The two most influential men in Asia's financial markets will step down next month leaving investors guessing as to how new central bank chiefs in China and Japan will steer two of the world's most important economies.

China's official financial news publication, the China Securities Journal, reported earlier this week that People's Bank of China governor Zhou Xiaochuan will leave his post in March after ten years at the helm of the nation's central bank. The news was followed by the early resignation announcement earlier Tuesday by Bank of Japan governor Masaaki Shirakawa, who steps down a month before his five-year term was due to expire.

Each departure has been largely telegraphed to financial markets - the 64-year old Zhou's name was omitted from the influential Communist Party Central Committee at the last major regime change in November, and Japan's new Prime Minister, Shinzo Abe, has made no secret of his desire to see the 63-year old Shirakawa out the door - but the leadership gap is likely to cause some concern as each economy navigates a new path to growth.

In China, that could include looser controls on interest rates and capital flows and potentially even more market-led fluctuation for the yuan. Zhou's ten year legacy at the PBOC is largely defined by his role in removing the peg that kept the yuan tied to the value of the US dollar in July of 2005.

The yuan has appreciated 23.4 percent against the greenback and China appears well on its way towards a so-called "price based" monetary policy regime that will fully replace the previous strategy of benchmark lending and deposit rates. It appears to be working, as well: China's growth has rebounded from a 13-year low and data points to comfortable expansion in the coming year.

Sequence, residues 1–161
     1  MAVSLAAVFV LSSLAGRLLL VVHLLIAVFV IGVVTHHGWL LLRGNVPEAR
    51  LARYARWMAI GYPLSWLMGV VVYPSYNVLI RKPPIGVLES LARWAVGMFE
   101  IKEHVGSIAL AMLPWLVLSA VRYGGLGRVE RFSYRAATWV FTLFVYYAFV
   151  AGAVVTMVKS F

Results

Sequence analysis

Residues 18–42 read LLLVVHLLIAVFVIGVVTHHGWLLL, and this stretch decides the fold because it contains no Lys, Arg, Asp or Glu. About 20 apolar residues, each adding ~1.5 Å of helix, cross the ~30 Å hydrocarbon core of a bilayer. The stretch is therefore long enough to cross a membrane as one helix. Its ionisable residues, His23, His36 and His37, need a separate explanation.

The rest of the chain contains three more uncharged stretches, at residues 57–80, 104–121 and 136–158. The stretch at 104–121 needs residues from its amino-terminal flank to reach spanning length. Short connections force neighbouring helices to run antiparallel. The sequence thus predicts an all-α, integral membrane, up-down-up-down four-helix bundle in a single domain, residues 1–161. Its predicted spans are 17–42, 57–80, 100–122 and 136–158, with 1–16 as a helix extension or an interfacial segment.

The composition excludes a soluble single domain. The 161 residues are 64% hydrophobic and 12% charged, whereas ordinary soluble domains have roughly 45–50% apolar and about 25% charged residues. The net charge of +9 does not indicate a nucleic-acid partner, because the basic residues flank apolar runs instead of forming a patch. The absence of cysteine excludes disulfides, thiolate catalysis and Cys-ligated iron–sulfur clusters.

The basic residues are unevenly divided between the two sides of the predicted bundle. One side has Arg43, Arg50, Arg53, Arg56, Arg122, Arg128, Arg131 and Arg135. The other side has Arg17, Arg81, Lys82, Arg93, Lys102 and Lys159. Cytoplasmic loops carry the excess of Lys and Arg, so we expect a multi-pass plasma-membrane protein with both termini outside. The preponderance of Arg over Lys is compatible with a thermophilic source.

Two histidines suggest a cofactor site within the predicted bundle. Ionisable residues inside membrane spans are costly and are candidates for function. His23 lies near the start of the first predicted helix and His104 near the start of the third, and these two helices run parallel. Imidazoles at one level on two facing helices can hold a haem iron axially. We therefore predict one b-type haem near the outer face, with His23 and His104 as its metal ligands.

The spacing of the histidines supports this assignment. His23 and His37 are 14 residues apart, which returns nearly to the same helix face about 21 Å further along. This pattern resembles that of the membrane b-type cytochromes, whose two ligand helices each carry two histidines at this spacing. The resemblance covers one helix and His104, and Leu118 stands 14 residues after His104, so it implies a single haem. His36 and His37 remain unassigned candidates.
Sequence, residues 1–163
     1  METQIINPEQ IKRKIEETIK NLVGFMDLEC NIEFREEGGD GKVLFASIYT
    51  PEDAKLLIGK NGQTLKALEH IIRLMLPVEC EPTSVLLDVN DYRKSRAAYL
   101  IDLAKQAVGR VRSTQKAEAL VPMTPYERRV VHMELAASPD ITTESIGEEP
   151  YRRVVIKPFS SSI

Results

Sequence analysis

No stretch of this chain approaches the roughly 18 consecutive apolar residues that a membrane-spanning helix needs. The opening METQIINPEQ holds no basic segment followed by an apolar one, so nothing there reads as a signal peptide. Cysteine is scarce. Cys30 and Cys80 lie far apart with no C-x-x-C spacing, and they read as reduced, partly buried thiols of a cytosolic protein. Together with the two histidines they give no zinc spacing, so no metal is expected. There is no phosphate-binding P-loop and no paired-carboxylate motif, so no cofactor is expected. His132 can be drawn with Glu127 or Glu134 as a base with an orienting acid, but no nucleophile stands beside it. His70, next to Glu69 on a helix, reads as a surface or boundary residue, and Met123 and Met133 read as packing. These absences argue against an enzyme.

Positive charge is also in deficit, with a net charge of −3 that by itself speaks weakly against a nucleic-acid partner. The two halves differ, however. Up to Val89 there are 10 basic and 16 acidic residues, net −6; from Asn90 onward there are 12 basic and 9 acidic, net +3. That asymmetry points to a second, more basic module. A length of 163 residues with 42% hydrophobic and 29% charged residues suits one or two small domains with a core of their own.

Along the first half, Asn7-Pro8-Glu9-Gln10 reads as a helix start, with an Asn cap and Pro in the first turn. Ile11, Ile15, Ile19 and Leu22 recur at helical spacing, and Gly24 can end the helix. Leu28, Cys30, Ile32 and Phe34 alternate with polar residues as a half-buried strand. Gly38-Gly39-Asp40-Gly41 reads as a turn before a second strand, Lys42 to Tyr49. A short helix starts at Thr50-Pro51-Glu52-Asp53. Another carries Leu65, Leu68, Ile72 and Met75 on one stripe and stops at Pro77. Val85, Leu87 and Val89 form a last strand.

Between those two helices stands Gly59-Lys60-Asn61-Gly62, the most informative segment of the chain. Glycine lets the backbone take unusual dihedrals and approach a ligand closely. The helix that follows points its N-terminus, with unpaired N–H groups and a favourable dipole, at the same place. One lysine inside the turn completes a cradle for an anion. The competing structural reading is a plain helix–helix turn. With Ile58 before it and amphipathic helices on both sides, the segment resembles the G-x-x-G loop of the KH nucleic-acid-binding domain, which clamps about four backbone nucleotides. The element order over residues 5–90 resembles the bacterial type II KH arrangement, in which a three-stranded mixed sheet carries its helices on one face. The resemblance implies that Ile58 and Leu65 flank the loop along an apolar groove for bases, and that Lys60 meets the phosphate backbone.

What remains to be seen, however, is how much further Zhou's successor - two names floated as replacements include Shang Fulin, the country's top banking regulator and Guo Shuquin, who heads the China Securities Regulatory Commission - will push this path towards liberalisation.

In Japan, Shirakawa leaves after weeks of public and private disputes with Abe over the Prime Minister's strategy to revive growth and create jobs in the world's third largest - but largely dormant - economy. Abe has called for "bold" action from the central bank, including a significantly faster inflation target and deeper monetary stimulus.

Shirakawa has consistently warned that there is "no magic wand" to ending the two decades of deflation that has choked demand and strangled growth. He's reluctance to deliver on all of Abe's wishes was evident in the BoJ's decision last month to delay by a year its revised 2 percent inflation target. Abe had demanded a more immediate time frame.

Even with a recalcitrant governor, however, the yen has fallen 13 percent against the dollar over the past three months, helping to lift Japan's benchmark Nikkei 225 to a two year high. The broader Topix index has leaped more than 30 percent since Abe began publically advocating his economic strategy during his election campaign.

Asia Development Bank president Haruhiko Kuroda and former BoJ deputy governor Toshiro Muto are said to be among the short-listed candidates to replace Shirakawa.

Investors will now wish to know if Abe will appoint a pliant governor who's ready to cripple the value of the yen in a last-ditch effort to stoke demand or whether the next leadership will express the same degree of price control caution as the departing Shirakawa.